Quantum states may exhibit asymmetry with respect to the action of a given group. Such an asymmetry of states can be considered a resource in applications such as quantum metrology, and it is a concept that encompasses quantum coherence as a special case. We introduce explicitly and study the robustness of asymmetry, a quantifier of asymmetry of states that we prove to have many attractive properties, including efficient numerical computability via semidefinite programming and an operational interpretation in a channel discrimination context. We also introduce the notion of asymmetry witnesses, whose measurement in a laboratory detects the presence of asymmetry. We prove that properly constrained asymmetry witnesses provide lower bounds to the robustness of asymmetry, which is shown to be a directly measurable quantity itself. We then focus our attention on coherence witnesses and the robustness of coherence, for which we prove a number of additional results; these include an analysis of its specific relevance in phase discrimination and quantum metrology, an analytical calculation of its value for a relevant class of quantum states, and tight bounds that relate it to another previously defined coherence monotone.

  4. A Hemispheric Asymmetry for the Unconscious Perception of Emotion

    ERIC Educational Resources Information Center

    Smith, Stephen D.; Bulman-Fleming, M. Barbara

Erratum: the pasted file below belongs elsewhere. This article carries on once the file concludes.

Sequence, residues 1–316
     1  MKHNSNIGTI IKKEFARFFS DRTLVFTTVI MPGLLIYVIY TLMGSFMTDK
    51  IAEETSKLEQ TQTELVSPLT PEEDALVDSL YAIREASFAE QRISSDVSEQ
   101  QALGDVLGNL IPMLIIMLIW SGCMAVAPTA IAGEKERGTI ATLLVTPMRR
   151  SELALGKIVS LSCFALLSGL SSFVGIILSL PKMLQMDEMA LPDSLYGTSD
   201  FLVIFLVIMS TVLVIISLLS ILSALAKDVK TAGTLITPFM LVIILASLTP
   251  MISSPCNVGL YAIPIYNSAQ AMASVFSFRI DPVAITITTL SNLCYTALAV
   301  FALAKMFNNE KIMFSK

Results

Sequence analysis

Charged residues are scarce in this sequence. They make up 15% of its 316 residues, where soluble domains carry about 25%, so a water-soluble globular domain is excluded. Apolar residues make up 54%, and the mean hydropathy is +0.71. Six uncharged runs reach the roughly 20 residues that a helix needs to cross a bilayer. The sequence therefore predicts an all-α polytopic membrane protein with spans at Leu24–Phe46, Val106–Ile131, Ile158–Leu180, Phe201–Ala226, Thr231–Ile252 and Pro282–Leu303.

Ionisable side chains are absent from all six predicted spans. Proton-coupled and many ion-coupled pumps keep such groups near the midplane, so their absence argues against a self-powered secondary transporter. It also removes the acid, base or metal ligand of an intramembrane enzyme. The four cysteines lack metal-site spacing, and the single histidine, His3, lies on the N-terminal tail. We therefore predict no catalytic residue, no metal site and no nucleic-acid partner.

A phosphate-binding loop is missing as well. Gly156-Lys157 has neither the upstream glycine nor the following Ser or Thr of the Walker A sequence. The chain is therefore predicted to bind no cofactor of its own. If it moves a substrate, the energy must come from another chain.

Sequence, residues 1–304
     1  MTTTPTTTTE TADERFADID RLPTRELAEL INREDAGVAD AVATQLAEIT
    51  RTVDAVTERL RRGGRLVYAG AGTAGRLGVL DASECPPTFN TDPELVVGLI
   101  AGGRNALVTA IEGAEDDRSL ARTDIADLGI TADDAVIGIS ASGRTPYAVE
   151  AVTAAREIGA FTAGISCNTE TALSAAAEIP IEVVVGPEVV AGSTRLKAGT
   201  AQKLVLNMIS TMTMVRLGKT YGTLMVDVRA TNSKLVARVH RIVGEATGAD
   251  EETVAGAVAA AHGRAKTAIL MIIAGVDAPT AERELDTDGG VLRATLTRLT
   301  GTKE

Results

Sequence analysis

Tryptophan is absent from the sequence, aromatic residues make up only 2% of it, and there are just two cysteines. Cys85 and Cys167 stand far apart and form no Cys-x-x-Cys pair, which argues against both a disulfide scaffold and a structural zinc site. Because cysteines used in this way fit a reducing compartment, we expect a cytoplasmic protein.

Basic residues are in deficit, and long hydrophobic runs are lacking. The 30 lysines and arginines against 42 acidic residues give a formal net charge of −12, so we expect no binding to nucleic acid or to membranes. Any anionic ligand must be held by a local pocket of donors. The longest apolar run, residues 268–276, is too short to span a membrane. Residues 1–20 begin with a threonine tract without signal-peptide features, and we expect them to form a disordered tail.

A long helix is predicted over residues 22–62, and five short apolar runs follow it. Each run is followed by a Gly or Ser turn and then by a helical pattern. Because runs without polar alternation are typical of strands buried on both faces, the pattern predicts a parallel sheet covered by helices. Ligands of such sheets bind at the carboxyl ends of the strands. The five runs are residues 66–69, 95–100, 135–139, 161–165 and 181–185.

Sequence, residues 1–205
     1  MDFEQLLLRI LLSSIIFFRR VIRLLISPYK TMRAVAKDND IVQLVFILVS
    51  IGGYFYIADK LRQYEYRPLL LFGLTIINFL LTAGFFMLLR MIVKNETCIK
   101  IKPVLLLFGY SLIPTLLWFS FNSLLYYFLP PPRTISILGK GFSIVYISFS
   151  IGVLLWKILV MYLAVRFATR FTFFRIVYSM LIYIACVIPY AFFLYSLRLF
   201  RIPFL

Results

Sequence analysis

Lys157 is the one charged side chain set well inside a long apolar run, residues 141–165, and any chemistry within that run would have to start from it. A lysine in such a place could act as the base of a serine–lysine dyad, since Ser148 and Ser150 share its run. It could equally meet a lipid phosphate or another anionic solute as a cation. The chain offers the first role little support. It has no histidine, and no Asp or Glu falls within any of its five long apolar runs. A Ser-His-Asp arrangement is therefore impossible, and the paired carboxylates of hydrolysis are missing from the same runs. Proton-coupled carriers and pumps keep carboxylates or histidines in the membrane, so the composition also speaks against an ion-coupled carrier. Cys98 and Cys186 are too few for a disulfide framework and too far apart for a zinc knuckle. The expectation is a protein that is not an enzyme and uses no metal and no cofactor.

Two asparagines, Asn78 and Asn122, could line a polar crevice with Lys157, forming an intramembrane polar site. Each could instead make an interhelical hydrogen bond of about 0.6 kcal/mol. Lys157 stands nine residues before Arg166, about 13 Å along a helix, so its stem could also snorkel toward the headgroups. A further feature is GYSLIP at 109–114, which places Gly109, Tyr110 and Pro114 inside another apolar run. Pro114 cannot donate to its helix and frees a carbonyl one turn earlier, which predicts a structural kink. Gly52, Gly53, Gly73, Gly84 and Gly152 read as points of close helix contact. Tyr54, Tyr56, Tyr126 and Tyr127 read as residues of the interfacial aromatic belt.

2004-01-01

    Previous research has demonstrated that hemispheric asymmetries for conscious visual perception do not lead to asymmetries for unconscious visual perception. These studies utilized emotionally neutral items as stimuli. The current research utilized both emotionally negative and neutral stimuli to assess hemispheric differences for conscious and…

  5. Effects Of Asymmetry Of NRZ Data Signals On Performance

    NASA Technical Reports Server (NTRS)

    Nguyen, Tien M.

    1992-01-01

    Report presents theoretical analysis of effects of asymmetry in binary non-return-to-zero (NRZ) data signals upon performance of radiotelemetry system. Simple mathematical model predicting overall degradation of bit signal-to-noise ratio of telemetry system derived. Shows degradation increases with asymmetry.

  6. Disentangling the Relationship between Hemispheric Asymmetry and Cognitive Performance

    ERIC Educational Resources Information Center

    Hirnstein, Marco; Leask, Stuart; Rose, Jonas; Hausmann, Markus

    2010-01-01

    It is widely believed that advantages of hemispheric asymmetries originated in better cognitive processing, hence it is often implied that the relationship between hemispheric asymmetry and cognitive performance is linearly positive: the higher the degree of lateralization in a specific cognitive domain, the better the performance in a…

  7. Asymmetries of Knowledge and Epistemic Change in Social Gaming Interaction

    ERIC Educational Resources Information Center

    Piirainen-Marsh, Arja; Tainio, Liisa

    2014-01-01

    While a growing number of studies investigate the role of knowledge and interactional management of knowledge asymmetries in conversation analysis, the epistemic organization of multilingual and second language interactions is still largely unexplored. This article addresses this issue by investigating how knowledge asymmetries and changing…

  8. Identification of Foot Pathologies Based on Plantar Pressure Asymmetry.

    PubMed

    Wafai, Linah; Zayegh, Aladin; Woulfe, John; Aziz, Syed Mahfuzul; Begg, Rezaul

    2015-01-01